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Theories: This paper is enlightened by principles of online education that predict the use of digital and online platforms and gadgets by e-learners who are the center of all the learning process (Ally, 2008; Anderson, 2008). Alongside with these principles, the displacement hypothesis and the Goldilocks hypothesis are considered. These hypotheses highlight the harm caused by the overuse of technologies.
Objectives: The paper aims to identify and discuss health disturbances associated to ineffectiveness of online teaching and learning during the Covid-19 pandemic (in Zimbabwe).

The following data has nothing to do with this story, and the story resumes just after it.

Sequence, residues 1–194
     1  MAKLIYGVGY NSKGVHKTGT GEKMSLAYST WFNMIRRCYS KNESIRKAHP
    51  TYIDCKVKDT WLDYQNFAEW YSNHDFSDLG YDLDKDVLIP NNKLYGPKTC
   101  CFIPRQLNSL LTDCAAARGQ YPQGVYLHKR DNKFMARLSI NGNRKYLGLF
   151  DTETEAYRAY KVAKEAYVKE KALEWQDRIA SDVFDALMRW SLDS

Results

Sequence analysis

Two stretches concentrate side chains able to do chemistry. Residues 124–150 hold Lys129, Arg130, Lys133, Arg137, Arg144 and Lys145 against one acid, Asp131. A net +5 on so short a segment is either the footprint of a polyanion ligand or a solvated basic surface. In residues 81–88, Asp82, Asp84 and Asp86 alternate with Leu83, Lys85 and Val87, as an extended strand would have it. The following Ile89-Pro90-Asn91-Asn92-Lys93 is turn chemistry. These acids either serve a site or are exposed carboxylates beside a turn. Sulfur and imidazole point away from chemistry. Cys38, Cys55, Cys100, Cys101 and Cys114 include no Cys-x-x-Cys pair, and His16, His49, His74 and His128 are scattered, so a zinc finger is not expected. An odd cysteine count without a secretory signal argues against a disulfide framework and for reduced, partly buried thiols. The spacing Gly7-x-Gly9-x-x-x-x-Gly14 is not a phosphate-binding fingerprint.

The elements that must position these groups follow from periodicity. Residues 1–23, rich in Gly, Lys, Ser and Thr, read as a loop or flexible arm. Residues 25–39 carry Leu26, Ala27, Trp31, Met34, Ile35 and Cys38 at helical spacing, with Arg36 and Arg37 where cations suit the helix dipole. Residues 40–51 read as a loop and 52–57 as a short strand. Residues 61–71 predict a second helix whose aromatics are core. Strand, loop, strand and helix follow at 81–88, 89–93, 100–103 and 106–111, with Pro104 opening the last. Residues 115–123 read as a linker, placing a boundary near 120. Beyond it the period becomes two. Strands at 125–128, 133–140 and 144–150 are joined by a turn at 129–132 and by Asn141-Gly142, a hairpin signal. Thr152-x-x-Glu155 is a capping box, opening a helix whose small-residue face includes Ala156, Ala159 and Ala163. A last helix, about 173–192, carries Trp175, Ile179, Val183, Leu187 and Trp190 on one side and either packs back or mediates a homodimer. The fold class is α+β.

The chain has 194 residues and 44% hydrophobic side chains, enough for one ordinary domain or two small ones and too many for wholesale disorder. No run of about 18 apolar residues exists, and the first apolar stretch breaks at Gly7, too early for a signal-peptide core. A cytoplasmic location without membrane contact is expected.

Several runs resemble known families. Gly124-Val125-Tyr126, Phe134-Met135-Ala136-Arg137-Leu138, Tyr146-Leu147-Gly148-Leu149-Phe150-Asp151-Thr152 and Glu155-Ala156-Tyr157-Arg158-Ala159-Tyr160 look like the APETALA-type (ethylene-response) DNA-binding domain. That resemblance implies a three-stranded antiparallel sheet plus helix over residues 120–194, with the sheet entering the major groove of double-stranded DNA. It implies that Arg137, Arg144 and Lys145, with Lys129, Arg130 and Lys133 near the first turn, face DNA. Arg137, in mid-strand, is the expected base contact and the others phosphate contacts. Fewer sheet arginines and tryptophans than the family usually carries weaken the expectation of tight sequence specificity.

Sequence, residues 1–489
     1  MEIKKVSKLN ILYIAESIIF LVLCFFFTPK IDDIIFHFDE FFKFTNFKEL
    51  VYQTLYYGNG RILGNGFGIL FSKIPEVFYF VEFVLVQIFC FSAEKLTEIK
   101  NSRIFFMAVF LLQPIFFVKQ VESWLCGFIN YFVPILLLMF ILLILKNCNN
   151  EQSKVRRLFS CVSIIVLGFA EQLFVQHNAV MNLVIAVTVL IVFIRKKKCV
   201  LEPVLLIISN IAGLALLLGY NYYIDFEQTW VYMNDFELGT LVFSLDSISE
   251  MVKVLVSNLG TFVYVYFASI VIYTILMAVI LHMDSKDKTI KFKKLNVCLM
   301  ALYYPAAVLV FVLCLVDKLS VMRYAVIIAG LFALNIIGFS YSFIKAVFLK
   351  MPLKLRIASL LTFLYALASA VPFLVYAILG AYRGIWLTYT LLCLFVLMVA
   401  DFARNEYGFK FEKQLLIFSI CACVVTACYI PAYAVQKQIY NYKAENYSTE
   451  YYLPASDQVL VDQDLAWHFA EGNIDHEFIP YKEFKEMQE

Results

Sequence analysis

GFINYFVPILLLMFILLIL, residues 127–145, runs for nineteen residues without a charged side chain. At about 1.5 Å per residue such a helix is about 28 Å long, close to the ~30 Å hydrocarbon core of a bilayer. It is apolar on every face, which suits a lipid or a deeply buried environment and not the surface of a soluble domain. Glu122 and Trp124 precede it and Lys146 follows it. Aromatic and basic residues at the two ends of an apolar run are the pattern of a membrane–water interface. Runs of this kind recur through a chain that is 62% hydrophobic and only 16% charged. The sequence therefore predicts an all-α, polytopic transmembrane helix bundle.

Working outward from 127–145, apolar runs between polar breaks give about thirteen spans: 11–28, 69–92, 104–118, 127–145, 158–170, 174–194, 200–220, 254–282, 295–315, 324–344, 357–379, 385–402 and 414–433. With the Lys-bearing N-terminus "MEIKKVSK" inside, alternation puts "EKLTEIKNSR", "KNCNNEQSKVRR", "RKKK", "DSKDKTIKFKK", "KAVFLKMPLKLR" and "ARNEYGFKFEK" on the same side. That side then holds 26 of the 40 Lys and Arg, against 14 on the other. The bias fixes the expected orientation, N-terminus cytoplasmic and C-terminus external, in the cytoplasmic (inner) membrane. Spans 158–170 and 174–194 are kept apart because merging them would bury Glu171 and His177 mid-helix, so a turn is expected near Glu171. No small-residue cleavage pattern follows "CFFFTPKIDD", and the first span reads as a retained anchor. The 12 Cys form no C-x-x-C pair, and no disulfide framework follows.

Methods: The study adopts a quantitative approach (Williams, 2007). It is a cross-sectional, exploratory and descriptive study, involving 128 university students who adopted e-learning process due to restrictions imposed by the covid-19 pandemic.
Results: The paper reveals that students develop a range of health issues due to increased screen time. However, this is not a sole case of students involved in this study. E-learners develop disturbances such as headaches, difficulties to sleep, stress and depression, inattention, difficulties to see and read, tearing eyes, and irritation in eyes.
Discussion: Besides representing additional and serious challenges to societies and health sectors, these disturbances interfere negatively in students/e-learners’ activities and performance. Therefore, there is a need to develop adequate (online or offline) mechanisms to control students’ screen time. In fact, if the use of technologies is good, then societies are urged to assume “control over what is good”.